The ongoing Occupy Wall Street protest in Manhattan’s finanical district has entered its third week. Well over 700 demonstrators were arrested on Saturday as they sought to march over the Brooklyn Bridge in an act of civil disobedience. Similar protests are now being planned in nearly a hundred cities and towns across the country, including sixteen in California.
The Occupy Wall Street protest, which began in New York City’s financial district on September 17th, is still ongoing. Protesters have occupied a park in the heart of the financial district for the last three weeks. Hundreds camp in the park by night. Their numbers swell into the thousands during the day. Protesters are demonstrating against the corrupting influence of money in politcs, lack of adequate representation by the two-party system, and social inequality, among a variety of other issues.
On Saturday, thousands gathered at the protest’s encampment for a planned march over the pedestrian walkway of the Brooklyn Bridge. However, after the march arrived at the bridge, a large number of protesters broke off from the planned route and took to the street below the walkway on the Brooklyn-bound side of the bridge.
Police informed those at the front of the breakaway group that they would be arrested if they continued, but they did not stop the march from progressing onto the bridge. Others in the middle and back of the march, who did not hear the initial warnings, appear to have believed that police were escorting the march across the bridge.
A police line advancing from the opposite end of the bridge stopped the marchers about a third of the way across. Another police line followed them from behind, kettling the protesters on the bridge. A few hundred, many of whom likely did not understand the implications of taking to the street, were allowed to return to Manhattan. The rest were detained and arrested one by one. Police reported over 700 arrests early Sunday morning. The Brooklyn-bound lane of the bridge was shut down for hours, snarling traffic in lower Manhattan. On Sunday afternoon, thousands of protesters could once again be found at the protest’s encampment.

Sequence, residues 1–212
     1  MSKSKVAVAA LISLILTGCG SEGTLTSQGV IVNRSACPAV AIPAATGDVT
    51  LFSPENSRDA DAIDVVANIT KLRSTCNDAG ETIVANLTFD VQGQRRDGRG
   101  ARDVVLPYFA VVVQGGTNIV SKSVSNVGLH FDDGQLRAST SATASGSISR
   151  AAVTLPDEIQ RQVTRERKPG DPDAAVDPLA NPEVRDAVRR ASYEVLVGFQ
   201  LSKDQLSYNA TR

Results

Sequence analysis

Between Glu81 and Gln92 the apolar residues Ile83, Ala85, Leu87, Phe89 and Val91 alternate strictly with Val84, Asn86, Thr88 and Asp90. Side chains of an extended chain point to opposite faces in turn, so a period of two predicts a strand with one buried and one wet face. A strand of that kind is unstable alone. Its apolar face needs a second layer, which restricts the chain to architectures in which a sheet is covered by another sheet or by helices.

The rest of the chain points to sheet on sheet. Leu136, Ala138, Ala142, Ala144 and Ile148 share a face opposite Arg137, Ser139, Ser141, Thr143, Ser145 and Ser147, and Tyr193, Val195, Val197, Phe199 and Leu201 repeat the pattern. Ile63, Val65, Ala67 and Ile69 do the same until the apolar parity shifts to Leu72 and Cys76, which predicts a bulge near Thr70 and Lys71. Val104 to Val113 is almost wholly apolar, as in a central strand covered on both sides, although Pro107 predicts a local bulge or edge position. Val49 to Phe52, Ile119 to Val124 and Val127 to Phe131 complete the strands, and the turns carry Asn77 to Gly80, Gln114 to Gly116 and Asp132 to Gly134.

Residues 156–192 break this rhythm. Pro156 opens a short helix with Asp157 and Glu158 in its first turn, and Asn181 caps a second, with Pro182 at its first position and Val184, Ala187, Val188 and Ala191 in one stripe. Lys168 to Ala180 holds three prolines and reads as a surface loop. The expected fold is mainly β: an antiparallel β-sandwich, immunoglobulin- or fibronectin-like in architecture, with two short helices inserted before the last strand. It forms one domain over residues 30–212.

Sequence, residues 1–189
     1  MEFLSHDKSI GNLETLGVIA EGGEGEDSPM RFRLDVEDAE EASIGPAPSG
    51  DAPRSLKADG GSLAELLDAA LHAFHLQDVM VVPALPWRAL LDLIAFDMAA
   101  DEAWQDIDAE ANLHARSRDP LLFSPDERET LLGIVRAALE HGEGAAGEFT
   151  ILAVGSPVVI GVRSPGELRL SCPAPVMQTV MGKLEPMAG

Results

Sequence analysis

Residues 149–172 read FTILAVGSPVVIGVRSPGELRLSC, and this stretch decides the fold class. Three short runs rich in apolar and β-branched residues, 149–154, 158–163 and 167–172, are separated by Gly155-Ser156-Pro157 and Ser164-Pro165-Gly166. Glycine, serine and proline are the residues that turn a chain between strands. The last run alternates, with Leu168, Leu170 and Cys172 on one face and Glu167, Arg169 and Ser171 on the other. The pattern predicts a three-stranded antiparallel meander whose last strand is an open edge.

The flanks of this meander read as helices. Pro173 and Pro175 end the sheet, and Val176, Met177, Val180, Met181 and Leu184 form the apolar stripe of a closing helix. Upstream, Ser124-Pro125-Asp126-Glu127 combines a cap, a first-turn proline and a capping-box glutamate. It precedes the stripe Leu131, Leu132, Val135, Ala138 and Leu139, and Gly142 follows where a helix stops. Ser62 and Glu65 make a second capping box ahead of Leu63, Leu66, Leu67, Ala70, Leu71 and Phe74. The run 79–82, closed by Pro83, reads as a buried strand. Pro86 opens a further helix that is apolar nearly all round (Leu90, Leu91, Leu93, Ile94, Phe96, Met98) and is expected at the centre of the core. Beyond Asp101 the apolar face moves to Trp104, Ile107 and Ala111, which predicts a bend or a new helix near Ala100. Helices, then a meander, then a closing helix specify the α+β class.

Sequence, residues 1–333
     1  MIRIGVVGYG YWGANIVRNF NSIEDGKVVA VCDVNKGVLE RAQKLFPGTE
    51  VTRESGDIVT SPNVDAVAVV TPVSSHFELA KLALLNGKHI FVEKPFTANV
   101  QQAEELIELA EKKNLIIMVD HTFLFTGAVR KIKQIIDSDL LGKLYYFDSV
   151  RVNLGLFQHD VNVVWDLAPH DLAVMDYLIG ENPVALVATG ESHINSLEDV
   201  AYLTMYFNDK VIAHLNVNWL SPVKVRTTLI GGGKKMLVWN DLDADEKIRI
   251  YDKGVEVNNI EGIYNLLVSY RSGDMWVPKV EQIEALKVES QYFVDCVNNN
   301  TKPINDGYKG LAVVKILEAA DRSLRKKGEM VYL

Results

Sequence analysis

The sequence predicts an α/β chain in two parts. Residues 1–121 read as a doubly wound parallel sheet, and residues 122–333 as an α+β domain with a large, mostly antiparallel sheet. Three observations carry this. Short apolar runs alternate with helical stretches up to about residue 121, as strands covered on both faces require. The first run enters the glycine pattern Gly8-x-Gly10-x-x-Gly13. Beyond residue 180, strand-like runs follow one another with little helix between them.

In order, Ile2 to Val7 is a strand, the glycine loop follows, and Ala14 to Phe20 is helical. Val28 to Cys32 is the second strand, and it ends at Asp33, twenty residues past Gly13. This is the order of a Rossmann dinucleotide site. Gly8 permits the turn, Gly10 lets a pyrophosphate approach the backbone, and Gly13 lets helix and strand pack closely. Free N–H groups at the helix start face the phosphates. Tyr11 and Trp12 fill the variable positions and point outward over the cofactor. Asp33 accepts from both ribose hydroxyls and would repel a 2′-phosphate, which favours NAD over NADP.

Since the Occupy Wall Street protest began on September 17th, similar demonstrations have begun to spring up across the country. In Boston, dozens were arrested at the Bank of America building on Saturday as part of an ongoing demonstration near the Federal Reserve Bank organized by Occupy Boston. Protesters have been demonstrating outside the Federal Reserve Bank of Chicago for over a week.
In San Francisco, OccupySF protesters have been camped out for three weeks in solidarity with their counterparts in New York. Hundreds marched down Market Street last Thursday. Six were arrested after refusing to leave a branch of Chase Bank where they had planned to sleep for the night. Occupy Los Angeles kicked off on Saturday, with a march to City Hall by a crowd of over a thousand people. Protests are being planned for the coming weeks in dozens of cities and towns across the country, including Washington D.C., where an occupation-style demonstration is planned to begin this Thursday.
Organizers of the growing but loosely connected nationwide network of protest groups say they intend to continue their demonstrations indefinitely. See Occupy Together, which is functioning as an umbrella site for the burgeoning movement, for more information.